The abundance of whales and seals is usually (though not always) estimated using surveys. Surveys are conducted at sea using either ships or aircraft. Generally ships are used for large offshore areas, whereas aircraft are more useful for smaller nearshore areas.
The survey area is usually divided up into smaller areas, called strata. Survey effort—the amount of time or distance the survey vessel will spend in the area—is divided between strata based on how common the target species is expected to be. Generally speaking, more effort is given to areas with high densities, because this produces a more precise estimate. The survey vessel sails or flies a series of predefined transects that cover each stratum in the survey area. The transects are designed in advance of the survey to cover the area evenly.
The Survey Area is divided into "strata". The ship or plane surveys along transects within the strata.
Visual surveys, which use human observers to count animals, are the most common type. Observers concentrate on the area ahead of and beside the vessel. When an observer sees an animal or group of animals, she immediately records the observation, noting such things as species identity, group size and the number of young in the group. The observer then takes a measurement of the perpendicular distance – the distance at 90 degrees to the direction of travel – to the animal or group. These distances are later used in a statistical analysis to estimate the width of the strip that is being surveyed by the vessel.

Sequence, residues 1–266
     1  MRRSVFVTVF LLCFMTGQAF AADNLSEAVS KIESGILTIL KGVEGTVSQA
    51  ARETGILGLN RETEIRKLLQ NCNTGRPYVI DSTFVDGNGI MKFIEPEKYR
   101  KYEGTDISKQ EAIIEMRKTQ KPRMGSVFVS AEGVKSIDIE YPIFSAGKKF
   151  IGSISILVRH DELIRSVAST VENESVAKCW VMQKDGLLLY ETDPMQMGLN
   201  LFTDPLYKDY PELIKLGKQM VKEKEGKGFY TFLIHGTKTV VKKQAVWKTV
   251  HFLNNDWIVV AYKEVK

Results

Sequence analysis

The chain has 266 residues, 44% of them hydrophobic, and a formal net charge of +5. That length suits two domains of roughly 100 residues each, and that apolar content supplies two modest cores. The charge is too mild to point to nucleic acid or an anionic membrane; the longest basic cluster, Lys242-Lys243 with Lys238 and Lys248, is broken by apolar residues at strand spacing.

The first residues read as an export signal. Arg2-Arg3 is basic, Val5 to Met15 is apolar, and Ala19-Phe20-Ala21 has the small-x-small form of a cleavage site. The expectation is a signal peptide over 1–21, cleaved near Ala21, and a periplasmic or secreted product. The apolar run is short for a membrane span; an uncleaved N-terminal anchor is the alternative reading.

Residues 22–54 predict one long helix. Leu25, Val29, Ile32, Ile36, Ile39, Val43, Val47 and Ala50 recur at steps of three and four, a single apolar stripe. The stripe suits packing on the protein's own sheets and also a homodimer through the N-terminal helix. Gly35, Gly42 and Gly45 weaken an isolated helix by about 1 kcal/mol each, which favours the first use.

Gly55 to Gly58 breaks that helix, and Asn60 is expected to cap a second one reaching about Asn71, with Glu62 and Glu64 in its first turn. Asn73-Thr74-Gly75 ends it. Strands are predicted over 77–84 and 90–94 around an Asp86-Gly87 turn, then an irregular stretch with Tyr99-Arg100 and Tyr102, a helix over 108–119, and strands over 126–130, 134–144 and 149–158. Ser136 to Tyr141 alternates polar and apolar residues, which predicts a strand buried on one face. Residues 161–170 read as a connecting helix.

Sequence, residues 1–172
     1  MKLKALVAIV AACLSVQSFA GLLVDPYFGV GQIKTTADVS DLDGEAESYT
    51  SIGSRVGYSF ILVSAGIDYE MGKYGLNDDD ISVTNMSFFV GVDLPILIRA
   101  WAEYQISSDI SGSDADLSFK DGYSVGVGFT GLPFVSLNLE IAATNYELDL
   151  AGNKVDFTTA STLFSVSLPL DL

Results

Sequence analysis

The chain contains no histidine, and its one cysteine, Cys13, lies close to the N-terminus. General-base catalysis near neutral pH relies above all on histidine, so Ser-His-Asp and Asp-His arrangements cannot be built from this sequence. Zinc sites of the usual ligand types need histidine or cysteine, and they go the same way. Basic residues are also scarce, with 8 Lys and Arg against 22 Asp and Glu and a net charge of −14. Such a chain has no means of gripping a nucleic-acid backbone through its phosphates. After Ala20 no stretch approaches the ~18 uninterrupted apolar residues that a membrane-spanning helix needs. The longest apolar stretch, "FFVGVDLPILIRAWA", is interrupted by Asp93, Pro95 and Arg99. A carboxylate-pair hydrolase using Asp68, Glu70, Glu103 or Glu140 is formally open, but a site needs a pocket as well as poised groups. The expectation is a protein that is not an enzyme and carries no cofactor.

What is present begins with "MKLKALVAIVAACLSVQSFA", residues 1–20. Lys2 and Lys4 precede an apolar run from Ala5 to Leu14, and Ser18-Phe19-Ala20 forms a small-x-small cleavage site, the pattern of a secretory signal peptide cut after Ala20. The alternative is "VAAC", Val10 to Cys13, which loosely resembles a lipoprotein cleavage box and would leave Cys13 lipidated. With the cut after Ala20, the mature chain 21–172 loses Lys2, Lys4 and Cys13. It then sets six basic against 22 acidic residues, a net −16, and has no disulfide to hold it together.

Aerial photographic surveys are often used for seals, which haul out on land or ice. An area of known size is photographed, and the animals are later identified and counted on the photos.
|Visual surveys employ human observers to detect and count whales.|
|In aerial surveys the perpendicular distance (X) is estimated by measuring the declination angle to the sighting when it is abeam of the aircraft.|
The collection of perpendicular distances in visual surveys allows the analyst to estimate the width of the strip that is surveyed for a particular species. Knowing the area that was surveyed, and the number of animals that were seen, the density of animals in the area can then be calculated as:
For example, if 2 whales are seen in a surveyed area of 2 square kilometres, there is a density of 1 whale per square kilometre. This density is then applied to the entire stratum to estimate the number of animals there. Another example – if there is 1 whale per square kilometre, and the stratum has an area of 10 square kilometres, we would estimate that there are 10 whales in the stratum. Of course the calculations are much more complex than this in reality. The estimate of density has variance- a measure of the uncertainty of the estimate. Abundance estimates are therefore always expressed with a measure of uncertainty, usually a 95% confidence limit. Instead of saying that “there are 10 whales in the stratum”, we would instead say something like "There are about 10 whales in the stratum, maybe as many as 15, maybe as few as 5”.